Whilst surveying the fields before us, I heard from veteran rockers and local residents, Roger Symonds and Vic King, of how over 600,000 people had camped there, with a gathering greater than Woodstock and making it the largest musical event of its time. The council had prepared only for an audience of 100,000, and so was overwhelmed with the numbers that came. “We just thought that we were coming over for a fun weekend” says Roger, who then lived across on the mainland, “never thinking that it was to be such a historical event.” The entrance fee, now £209, was then £3. “I had to save for some time” he said, “as it was half my weekly wage, and when I arrived at Ryde, I hitched a lift over here, to find the organizers just swamped with the event. The surrounding hillsides had become a make-shift shanty town with people living in bales of straw.”

Originally initiated to raise funds for a swimming pool, the Festival lasted for only from 1968 to 1970 due to the logistical difficulties of such a small island coping with the enormity of such an event. However, in 2002, it was reintroduced at a different venue, and now boasts a stellar line-up of bands, this year celebrated its 50th anniversary.

Back at Dimbola Lodge, we chatted some more over tea and the most delicious of cakes, for which the Cameron Tea Room, named after the Victorian photographer Julia Margaret Cameron who once lived there, is renowned. Upstairs there is a permanent exhibition of her work, together with a changing programme of contemporary art and photography exhibitions, and rooms which depict also, the colourful history of the music Festivals.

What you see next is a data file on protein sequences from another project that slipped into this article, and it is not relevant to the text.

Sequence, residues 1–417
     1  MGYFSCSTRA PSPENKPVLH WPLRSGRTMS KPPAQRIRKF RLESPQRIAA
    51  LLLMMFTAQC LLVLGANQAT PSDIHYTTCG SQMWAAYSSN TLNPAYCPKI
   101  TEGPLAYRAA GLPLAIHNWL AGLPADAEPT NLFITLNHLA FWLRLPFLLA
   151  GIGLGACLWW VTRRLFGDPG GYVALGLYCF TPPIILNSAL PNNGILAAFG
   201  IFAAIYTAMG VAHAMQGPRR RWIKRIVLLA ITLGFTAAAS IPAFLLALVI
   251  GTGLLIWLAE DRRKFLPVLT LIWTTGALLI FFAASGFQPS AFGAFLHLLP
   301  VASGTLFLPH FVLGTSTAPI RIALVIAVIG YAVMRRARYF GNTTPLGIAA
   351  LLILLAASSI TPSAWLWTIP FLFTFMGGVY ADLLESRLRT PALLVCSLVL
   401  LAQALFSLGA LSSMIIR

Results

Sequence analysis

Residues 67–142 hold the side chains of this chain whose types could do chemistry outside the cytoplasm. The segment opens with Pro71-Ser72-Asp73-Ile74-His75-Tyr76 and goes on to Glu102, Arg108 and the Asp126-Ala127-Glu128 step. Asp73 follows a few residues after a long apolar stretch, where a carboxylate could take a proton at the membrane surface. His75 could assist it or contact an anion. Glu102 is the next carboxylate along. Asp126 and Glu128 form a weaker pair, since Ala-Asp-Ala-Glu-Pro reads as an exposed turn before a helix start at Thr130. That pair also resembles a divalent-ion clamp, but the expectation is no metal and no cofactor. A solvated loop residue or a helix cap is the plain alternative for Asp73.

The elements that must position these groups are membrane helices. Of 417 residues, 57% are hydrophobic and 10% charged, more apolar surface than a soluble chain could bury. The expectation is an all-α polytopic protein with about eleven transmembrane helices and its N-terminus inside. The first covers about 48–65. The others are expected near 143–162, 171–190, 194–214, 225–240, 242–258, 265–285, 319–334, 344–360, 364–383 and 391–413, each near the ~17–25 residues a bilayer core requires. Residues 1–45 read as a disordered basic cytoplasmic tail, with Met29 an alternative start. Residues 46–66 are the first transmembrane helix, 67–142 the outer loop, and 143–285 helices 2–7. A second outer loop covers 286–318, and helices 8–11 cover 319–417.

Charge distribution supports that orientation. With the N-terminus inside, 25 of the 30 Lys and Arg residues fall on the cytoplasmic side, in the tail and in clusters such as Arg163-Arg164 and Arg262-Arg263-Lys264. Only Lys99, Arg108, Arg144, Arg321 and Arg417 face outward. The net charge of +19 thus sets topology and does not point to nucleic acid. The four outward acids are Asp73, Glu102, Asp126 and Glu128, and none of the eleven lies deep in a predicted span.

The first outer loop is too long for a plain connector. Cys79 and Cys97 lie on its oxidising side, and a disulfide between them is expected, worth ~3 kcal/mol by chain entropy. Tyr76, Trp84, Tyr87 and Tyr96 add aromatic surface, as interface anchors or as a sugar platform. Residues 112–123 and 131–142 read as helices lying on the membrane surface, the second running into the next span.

Here I have to end, for there is no limit to my passion for writing about this most pleasing of places, but not without a brief mention to the well hidden secret of nearby Steephill Cove - accessed only by foot, and without doubt one of my most treasured discoveries on this delightful little island.

By Jill Fordham 

Further Information

Ferry services operate from Portsmouth, Southampton and Lymington, with up to 350 crossings a day.

Trains operate along the east coast between Ryde Pier Head and Shanklin village, and also there are many events throughout the year, linked to the island’s award winning Heritage Steam Railway.

Bus routes spider their way from the county town of Newport through quaint and characterful villages to the coastal resorts that circle the island.

Walking can be enjoyed, with over half the island designated as an Area of Outstanding Natural Beauty, across 500 miles of well-maintained, signposted footpaths and 60 miles of coastline.

The Needles Battery is open all year, with the exception of in adverse weather conditions.

Osborne House, now under the care of English Heritage is open to the public from Spring through to Autumn.

Ventnor Botanic Garden, was founded in 1970 and with a climate more akin to the Mediterranean, its collection comprises worldwide temperate and subtropical trees and shrubs grouped according to origin.

The Isle of Wight Festival is held each year in June, at Seaclose Park, close to Newport.

Accommodation on the island is vastly varied to suit all tastes and budgets.



This content was amended and updated June 2018.